Introducing Otto Vogl: Breaking New Ground for Polymer Sciences

Beyond the Annual Climate Confab

bridges vol. 28, December 2010 / Pielke's Perspective

By Roger A. Pielke, Jr.

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pielke_r_new_small.jpgRoger Pielke, Jr.Woody Allen once famously said that 80 percent of life is just showing up.  A similar calculus might be applied to the global climate negotiations, the annual confab that brings together activists, politicians, and other interested parties to discuss how the world might deal with the threat of climate change.

The outcome at this year's conference in Cancun was similar to each of the previous 15 conferences - an agreement of some sort was reached, which some applauded and others criticized.  Either way, we have been told that the real global agreement lies just one year in the future.  This year's "next year" is in Durban, South Africa.  Yet a close look at what happened at Cancun, even more than the fractious Copenhagen conference the year before, provides the best evidence yet as to why a binding global agreement to reduce emissions remains a year away, and always will.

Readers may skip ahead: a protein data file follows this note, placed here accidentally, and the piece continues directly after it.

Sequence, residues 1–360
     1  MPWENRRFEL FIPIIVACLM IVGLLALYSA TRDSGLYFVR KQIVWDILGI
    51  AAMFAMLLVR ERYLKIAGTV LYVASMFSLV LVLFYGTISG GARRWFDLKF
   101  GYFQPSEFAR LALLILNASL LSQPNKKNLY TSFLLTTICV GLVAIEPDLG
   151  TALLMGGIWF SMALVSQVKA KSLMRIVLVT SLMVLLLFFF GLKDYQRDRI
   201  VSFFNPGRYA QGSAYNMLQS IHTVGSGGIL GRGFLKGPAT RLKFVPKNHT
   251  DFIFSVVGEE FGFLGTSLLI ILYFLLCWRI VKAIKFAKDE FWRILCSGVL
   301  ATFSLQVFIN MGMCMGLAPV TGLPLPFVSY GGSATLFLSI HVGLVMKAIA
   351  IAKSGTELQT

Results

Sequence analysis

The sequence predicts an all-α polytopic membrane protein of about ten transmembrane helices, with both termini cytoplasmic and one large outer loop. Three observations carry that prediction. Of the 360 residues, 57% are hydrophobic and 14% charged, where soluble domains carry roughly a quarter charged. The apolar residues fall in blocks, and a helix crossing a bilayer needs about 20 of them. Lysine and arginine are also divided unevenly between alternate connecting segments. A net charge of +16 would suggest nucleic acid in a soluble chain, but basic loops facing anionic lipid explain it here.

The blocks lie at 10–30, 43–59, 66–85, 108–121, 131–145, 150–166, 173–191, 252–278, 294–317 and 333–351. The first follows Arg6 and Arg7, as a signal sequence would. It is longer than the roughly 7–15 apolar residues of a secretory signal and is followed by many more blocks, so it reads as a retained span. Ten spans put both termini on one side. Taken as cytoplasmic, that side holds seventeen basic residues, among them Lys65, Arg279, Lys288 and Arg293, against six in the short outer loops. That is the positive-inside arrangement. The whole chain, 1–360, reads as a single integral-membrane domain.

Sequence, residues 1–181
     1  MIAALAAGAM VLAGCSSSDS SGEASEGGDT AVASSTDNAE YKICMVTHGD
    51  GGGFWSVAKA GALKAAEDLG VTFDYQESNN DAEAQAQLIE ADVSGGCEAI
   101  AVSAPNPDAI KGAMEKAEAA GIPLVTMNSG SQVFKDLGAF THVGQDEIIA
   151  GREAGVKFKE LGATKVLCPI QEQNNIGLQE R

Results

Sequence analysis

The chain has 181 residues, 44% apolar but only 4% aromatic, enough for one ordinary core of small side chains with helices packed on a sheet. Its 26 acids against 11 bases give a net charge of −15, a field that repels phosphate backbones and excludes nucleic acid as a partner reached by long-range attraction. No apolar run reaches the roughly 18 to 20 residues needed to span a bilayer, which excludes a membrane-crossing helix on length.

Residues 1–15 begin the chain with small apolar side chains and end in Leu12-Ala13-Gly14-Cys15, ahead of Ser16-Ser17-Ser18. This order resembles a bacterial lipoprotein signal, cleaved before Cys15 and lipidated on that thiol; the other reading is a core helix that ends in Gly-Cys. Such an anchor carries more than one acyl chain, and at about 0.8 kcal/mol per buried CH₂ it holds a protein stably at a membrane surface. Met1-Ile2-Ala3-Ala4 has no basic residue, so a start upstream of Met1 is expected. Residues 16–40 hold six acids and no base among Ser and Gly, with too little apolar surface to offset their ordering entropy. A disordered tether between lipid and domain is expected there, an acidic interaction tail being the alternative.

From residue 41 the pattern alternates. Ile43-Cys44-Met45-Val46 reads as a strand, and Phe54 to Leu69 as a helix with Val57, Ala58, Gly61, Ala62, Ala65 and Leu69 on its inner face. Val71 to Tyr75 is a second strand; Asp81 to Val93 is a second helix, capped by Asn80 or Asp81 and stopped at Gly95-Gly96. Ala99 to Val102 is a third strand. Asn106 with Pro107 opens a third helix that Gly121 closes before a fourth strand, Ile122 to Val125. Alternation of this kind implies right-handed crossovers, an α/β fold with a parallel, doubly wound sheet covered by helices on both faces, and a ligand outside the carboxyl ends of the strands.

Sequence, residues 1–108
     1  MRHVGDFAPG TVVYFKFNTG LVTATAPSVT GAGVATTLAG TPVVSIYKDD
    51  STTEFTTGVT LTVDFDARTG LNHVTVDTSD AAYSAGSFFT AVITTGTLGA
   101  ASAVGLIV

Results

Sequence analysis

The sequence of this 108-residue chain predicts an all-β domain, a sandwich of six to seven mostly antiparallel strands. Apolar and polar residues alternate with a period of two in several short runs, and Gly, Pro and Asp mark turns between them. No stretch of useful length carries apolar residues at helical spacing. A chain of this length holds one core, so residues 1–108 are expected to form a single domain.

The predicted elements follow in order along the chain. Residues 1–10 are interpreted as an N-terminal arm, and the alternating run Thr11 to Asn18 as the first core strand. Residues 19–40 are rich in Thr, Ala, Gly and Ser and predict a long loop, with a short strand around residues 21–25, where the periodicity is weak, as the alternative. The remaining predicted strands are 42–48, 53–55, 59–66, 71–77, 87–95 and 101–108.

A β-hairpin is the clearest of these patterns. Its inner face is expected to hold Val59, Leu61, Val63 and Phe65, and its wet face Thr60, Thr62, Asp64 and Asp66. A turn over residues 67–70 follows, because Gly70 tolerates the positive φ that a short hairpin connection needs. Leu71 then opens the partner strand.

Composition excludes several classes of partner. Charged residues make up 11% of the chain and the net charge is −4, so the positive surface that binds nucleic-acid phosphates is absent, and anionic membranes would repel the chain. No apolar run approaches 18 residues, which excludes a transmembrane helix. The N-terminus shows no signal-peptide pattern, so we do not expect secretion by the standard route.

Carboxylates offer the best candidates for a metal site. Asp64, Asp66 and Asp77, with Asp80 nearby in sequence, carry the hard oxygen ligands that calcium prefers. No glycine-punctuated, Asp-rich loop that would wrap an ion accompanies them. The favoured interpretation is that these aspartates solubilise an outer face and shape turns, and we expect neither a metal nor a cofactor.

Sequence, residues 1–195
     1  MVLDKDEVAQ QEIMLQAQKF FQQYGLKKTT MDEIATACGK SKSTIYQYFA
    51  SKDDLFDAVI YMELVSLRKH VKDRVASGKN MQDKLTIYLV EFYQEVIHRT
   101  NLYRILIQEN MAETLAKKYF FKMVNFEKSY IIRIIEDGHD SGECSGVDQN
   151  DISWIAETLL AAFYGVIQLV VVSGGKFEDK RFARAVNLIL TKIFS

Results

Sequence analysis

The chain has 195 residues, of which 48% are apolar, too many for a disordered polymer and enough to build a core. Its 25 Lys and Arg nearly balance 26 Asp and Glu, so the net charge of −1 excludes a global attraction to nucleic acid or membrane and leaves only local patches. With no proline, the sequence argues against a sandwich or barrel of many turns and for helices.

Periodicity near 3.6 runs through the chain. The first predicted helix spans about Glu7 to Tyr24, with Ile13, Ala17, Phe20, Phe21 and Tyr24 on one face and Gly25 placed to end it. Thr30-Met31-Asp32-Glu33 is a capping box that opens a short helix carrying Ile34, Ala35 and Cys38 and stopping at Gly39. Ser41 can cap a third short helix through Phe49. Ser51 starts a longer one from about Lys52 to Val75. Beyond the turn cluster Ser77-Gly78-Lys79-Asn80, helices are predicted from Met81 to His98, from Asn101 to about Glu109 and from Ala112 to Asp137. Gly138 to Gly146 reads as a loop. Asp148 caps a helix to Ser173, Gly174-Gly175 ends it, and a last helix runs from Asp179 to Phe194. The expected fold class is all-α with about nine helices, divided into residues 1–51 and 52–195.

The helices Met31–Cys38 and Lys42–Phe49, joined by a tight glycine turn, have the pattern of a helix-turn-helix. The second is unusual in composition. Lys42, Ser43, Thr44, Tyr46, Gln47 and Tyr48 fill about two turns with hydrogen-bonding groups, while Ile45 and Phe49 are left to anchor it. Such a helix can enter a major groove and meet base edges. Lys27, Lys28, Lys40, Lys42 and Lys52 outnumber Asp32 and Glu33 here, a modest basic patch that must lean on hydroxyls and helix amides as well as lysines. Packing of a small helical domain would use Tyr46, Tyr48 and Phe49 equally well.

International climate negotiations have become cluttered with many issues and agendas, but at their core is the 1992 Framework Convention on Climate Change, which is focused on stabilizing concentrations of carbon dioxide and other greenhouse gases resulting from human activity, mainly the burning of fossil fuels.
 


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